NEW YORK– The NBA is near the forefront of statistical analysis among major American sports leagues, and with the success of the MIT Sloan Sports Conference, co-chaired Rockets general manager Daryl Morey, they’re continually trying to expand on an already incredible breadth of quantitative and qualitative basketball data. In an effort to build on that technological emphasis, specifically as it pertains to future generations, the NBA’s Director of Basketball Analytics, Jason Rosenfeld, organized the NBA’s inaugural Hackathon this past Saturday at Jordan Brand’s cavernous Terminal 23, hidden along 32nd St just west of Herald Square.
We were in attendance early Saturday morning and through blurry eyes, we watched commissioner Adam Silver and then Rosenfeld address a gym filled with some of the brightest college minds in the country.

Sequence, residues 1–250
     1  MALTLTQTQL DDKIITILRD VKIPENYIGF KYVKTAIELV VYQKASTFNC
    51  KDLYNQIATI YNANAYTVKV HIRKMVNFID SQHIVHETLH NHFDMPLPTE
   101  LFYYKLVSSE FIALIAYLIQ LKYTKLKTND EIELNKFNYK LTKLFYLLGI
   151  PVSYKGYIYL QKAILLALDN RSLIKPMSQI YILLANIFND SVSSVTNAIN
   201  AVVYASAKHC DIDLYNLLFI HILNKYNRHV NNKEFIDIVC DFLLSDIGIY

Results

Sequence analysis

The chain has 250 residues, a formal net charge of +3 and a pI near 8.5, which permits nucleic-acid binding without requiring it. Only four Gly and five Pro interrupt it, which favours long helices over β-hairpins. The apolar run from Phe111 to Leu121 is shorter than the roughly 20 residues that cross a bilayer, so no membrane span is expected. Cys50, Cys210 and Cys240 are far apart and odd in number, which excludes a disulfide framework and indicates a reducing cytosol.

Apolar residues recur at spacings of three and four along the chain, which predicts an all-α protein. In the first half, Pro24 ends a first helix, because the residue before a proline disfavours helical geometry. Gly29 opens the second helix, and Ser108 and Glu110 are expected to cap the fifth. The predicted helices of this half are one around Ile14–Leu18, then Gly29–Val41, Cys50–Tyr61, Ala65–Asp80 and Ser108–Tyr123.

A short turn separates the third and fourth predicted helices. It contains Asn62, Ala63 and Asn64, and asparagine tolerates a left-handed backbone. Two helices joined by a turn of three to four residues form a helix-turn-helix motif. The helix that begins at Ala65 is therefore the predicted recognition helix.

After 450 undergraduates, Masters and Ph.D students applied, less than half — 210 — were offered an invitation as part of 60 teams competing in the all-day event. Over 50 universities were represented, including traditional behemoths, Harvard, M.I.T, Stanford, Princeton, Carnegie Mellon and Yale. Virginia led the pack with 18 students in the contest, but it was a nice mix of major Ivy institutions and little-known liberal art and technical colleges. Regardless of where they went to school, an invite to the Hackathon is a big win for these future engineers and scientists.